The Last Hoorah
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A little boy asked the Cruise Director, “What do they do with the ice sculptures after they melt?”
The seas have settled down and the ship is cutting through the waters at a rapid clip.
11 a.m. Preparing to return to Key West. I noticed Jack Freedman at breakfast and, after complimenting him on his outstanding performance, invited him to join Mom and me at our table.
We must have spoken for a good half hour, if not more, telling each other about our lives. David lives on cruise ships, has been performing for over 30 years and loved what he does.
In between telling us about his adventures, he told jokes. I said I would write them down but he said not to worry and that I would remember them.
A Japanese visitor to Manhattan asks a New Yorker for directions to Macy’s. The New Yorker turns to him and says, “You could find Pearl Harbor, but you can’t find Macy’s?”
An old Jewish lady approaches a man at a bar. "So what do you do for a living?" she asks.
"I just got out of prison after 30 years," he says.
"I see, what did you do to deserve that?"
"I murdered my wife," he said.
"Oh, so then you’re single!" she cries happily.
And a bunch more.....some you've just got to be Jewish to understand.
Like the man who went to his doctor and said, "Doctor, I think I’m turning into a woman!"
The doctor examined his patient and affirmed that yes, he was indeed turning into a woman.
The patient returned in two weeks, this time as a ravishing blond.
So, the doctor says, "Now that you are a woman, is there anything left of you which is male?"
"Yes," she replied. "Every morning when I get up I have this desire to lay tefillin."
A doctor asked her female patient to give him a urine sample. When the results returned he said, "I cannot believe it, your specimen is 95 percent alcohol!"
"Oh my," she replied, "what are you going to do?"
"There's only one thing to do, the doctor said.
He picked up the sample, looked her in the eye, said “L’chaim” and drank it.
Freedman is a delightful man - frank, very cordial. He made our day.
Dec. 28, 8 a.m. Rendezvous Lounge.
This is the meeting place for departure from the ship. We are all tired and weary after a week of relaxation, the stress of packing our belongings the night before and the anxiety of getting off the ship.
Mom and I have landed prime sofas with excellent back support as we settle in for the long wait for Customs to clear us for leaving the ship. Mom is happy as a clam, working on her crossword puzzles, and I have a paperback novel to crack open once I have transcribed my thoughts.
Mom called Uncle Mike and Aunt Leah from the ship to come pick us up, and this is one time I am most definitely grateful for cellphone technology. They are en route. Mom laid out the tips last night, a task she takes very seriously. She tends to tip everybody generously, according to American Express guidelines.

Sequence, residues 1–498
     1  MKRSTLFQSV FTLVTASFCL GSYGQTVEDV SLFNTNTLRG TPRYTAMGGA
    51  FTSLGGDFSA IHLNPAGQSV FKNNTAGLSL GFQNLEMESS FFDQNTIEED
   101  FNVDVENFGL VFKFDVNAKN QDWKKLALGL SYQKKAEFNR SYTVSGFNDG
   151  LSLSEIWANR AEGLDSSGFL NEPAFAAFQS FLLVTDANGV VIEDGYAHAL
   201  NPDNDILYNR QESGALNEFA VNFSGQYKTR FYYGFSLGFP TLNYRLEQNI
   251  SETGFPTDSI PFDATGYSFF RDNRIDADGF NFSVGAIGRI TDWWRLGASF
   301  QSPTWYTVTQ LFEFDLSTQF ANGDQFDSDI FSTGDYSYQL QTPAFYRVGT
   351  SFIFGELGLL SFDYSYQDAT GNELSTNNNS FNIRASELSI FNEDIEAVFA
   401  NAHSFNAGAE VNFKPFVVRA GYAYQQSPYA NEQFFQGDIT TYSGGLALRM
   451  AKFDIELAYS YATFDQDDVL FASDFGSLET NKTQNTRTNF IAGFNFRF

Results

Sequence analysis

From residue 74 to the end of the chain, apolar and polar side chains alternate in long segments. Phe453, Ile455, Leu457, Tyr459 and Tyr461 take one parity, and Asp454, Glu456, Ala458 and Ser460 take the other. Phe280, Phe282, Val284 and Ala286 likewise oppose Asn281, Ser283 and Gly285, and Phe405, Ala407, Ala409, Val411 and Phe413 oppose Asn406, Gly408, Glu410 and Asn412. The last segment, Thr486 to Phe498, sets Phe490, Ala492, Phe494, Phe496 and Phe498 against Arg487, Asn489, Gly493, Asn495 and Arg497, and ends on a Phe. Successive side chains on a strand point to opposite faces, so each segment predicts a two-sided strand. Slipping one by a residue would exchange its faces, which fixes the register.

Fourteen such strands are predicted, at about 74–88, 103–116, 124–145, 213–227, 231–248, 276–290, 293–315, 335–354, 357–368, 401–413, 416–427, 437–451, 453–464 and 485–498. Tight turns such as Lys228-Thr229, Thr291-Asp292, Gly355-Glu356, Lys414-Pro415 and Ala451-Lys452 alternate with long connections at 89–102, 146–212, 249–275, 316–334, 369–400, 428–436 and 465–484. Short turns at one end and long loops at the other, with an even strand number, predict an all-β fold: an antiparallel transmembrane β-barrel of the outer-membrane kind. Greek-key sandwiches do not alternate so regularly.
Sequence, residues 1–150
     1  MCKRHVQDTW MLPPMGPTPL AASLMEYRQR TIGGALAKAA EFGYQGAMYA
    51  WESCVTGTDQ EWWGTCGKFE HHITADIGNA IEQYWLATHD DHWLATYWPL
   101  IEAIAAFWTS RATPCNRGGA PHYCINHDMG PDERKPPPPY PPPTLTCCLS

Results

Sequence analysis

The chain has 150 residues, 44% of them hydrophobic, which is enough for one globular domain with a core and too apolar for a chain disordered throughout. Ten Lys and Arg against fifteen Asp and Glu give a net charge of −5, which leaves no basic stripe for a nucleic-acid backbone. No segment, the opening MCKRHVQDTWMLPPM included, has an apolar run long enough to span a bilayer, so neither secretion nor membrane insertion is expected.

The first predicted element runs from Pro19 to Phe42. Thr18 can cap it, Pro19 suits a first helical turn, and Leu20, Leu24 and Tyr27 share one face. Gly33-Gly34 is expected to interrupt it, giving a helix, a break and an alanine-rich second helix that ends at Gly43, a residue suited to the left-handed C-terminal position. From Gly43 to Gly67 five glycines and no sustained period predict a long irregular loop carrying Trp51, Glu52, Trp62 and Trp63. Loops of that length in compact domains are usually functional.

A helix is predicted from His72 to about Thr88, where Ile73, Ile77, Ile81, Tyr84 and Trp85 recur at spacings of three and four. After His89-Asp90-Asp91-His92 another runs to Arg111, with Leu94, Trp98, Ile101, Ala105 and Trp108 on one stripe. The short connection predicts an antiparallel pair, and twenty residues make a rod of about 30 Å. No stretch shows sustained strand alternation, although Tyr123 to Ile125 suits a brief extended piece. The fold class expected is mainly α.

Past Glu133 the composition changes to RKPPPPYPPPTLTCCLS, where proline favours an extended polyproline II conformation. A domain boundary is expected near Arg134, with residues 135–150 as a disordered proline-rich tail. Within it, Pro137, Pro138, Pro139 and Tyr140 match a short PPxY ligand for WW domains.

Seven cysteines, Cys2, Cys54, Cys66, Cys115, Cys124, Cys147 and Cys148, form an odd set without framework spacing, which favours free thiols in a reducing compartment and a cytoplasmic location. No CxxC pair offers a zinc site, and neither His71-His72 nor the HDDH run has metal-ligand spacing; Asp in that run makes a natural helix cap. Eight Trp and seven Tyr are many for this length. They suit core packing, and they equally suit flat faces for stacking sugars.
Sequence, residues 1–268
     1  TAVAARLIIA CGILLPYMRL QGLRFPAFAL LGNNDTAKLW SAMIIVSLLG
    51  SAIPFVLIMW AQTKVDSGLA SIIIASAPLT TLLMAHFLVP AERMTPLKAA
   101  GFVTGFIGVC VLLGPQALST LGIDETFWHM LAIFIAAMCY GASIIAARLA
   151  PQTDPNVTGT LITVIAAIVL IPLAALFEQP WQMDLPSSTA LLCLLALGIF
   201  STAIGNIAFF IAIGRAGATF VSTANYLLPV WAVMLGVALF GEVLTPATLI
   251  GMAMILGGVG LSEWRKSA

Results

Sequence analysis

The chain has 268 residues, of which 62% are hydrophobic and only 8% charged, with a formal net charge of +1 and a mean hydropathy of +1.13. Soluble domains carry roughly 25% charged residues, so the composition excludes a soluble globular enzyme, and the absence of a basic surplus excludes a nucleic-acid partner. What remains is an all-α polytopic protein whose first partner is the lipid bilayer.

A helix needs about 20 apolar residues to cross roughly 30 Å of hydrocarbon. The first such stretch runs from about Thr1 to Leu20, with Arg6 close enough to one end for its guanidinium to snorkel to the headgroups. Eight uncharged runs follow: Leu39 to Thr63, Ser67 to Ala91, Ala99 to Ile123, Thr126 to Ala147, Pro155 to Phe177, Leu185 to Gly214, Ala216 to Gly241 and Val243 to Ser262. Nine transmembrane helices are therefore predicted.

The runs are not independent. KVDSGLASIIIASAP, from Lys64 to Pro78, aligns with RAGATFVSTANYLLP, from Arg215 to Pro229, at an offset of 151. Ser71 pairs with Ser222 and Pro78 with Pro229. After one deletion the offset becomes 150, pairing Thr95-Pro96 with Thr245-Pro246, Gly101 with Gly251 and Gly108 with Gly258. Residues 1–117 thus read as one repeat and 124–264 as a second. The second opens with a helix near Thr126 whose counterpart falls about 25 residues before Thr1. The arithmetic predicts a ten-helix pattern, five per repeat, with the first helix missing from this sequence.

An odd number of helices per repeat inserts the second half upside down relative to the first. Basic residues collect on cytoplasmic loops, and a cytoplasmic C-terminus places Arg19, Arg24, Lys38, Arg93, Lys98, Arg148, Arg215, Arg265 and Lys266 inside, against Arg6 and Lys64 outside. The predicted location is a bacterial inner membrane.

Mom never tips the Matre d’, however. As she puts it, “He doesn’t do anything,” and “the ship takes excellent care of him.” I am not about to contradict her good sense, as I did when I was a child. I do respect her wisdom (and fear her wrath).
Whereas the people who deserve the tips (the waiter, the assistant waiter, the cabin boy and his assistant) are always polite and pleasantly surprised when we hand them the magic envelope, the Maitre d’ is overeager with expectation.
He did have the good sense to shake our hands and thank us, but I could tell he was disappointed by the fact that he was not getting an envelope from us. And the irony of all this is that we seem to keep bumping into him in the hallways, where he continues to be polite and gracious. Still, you can tell he's kinda pissed.
Now the PA system is beginning the amusing process of public humiliation for those who have not settled their bills.
After a lovely dinner last night the highlight of which was frog legs (tastes like chicken), we attended a delightful, final show that featured a comedian who made unfunny fat jokes. (For example: "You really should pay attention to your weight when it has a comma in it.”)
We were blessed with an abbreviated encore performance of “Stars on a String,”- the puppet masters who entertained us a couple days ago. I was particularly pleased with this encore marionette performance because Mother missed their first show due to her inflated foot (which has since receded to its normal level.) Mom was delighted with the show. The legendary theatrical “fourth wall” definitely disappeared after they took the stage.
Following the show, it was time to pack. Somehow our luggage had expanded to four times its original size, and I regret to say that there were some tense moments between Mother and me as we sorted out the logistics of how to compress everything into our bags. Fortunately, I followed the suggestion of my packing book, and the nylon duffel bag that I had stored away came in very, very handy.
And so we sit here, waiting, waiting, waiting.
This marks the end of the TWENTIETH installment of "The Last Hoorah." If you'd like to start from the beginning, then please click this page.
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